The multiple switch P (Fig. 8) is similar to the switch M above described. It comprises a solenoid bar 60, operating the switch arms 61 to 66 and yieldingly pulled to the right by the spring 68. The bar is moved to the left to close the arms by the coil 69. The coil 69 is operated by alternating current from the transformer coil 212. This circuit, including the coil 69, passes through the arm 49 of the switch M, so that the energizing of the coil 69 and the closing of the switch arms 61 to 66 is dependent upon the closing of the switch M, which, as above explained, occurs only after the start button K is pushed down. It follows that the actuation of the time relays A to F and the starting of the runner motors A to F must be preceded by the closing of the multiple switch P, all of which appears in detail after the following brief discussion of the remainder of the control apparatus.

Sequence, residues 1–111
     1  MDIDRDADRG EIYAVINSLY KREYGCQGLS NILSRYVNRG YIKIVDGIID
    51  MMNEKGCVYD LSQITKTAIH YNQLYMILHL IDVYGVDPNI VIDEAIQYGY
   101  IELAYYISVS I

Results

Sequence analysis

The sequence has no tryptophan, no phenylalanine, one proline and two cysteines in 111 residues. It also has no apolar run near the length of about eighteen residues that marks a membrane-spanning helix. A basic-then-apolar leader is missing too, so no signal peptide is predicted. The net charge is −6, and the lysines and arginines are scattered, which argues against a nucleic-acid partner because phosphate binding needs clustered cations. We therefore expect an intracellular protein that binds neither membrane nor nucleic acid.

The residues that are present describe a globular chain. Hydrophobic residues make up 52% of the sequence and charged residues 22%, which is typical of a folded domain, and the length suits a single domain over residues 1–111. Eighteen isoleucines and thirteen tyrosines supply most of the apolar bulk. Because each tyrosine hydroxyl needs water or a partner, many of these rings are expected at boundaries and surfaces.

The six time relays which are closed after, and due to the closing of the multi 1e switch P, are all similar to the relay shown in Fig. 9. This relay comprises the arm 70 pivoted at 71 and having the contact ends 72 and 73 adapted to engage the contacts 74 and 75 when the arm swings to the right, the solenoid bar 76 connected to the arm 70 bythe spring 77, the coil 78 for pulling current is supplied to themotor and to the coil 78 before the arm 70 closes, is regulated by the position of the arm 83, which can be held in any osition of circumferential adjustment by t 1e thumb screw 86 or any other suitable means. When current is supplied through the wire 87, it passes through the coil 78 to the return wire 88.- It may be here interpolated to avoid confusion that the wires 87 and 88 are in the alternating current circuit, including the winding 69 and that the wire 88 also carries direct current. The current through 87 divides at the point 89 and passes through the circuit 90 to the motor and back to 87 at the point 91, via the contact 92, which engages the arm 93 pivoted at such point 91. The coil 78 and motor are thus energized when current flows through 87, and the disc 81 with the arm 83 begins to rotate. When the time elapses for which the relay is set, thearm 83 engages and trips the latch.84, and the spring 77 placed under tension by the solenoid bar 76, pulls the arm 70 to the right so that the contact ends 72 and 73 engage the contacts 7 4 and 75, thus establishing acircuit between the wires 88 and 94, the wire 88, as above stated, being the lead-in wire carrying direct current. The wire 94 leads to the relay A (Fig. 11) and serves to close this relay, as later described, so as to cause the actuation of the starter of the motor A. The movement of the arm 70 to the right breaks the circuit between 92 and 93, so that the operation of the motor 80 is stopped after the arm 70 is moved to closed position. When the circuit between 87 and 88 is broken, the spring 79 will move the parts back to the position shown, the arm being engaged and locked in open position by the latch 84. When the circuit through the coil 78 is interrupted, automatic means, not shown, move the worm 82 out of engagement with the worm wheel 81, and a spring returns this wheel and the arm 83 to starting position, as shown. This time relay is standard equipment, known in the art, and, therefore, not illustrated in all its details.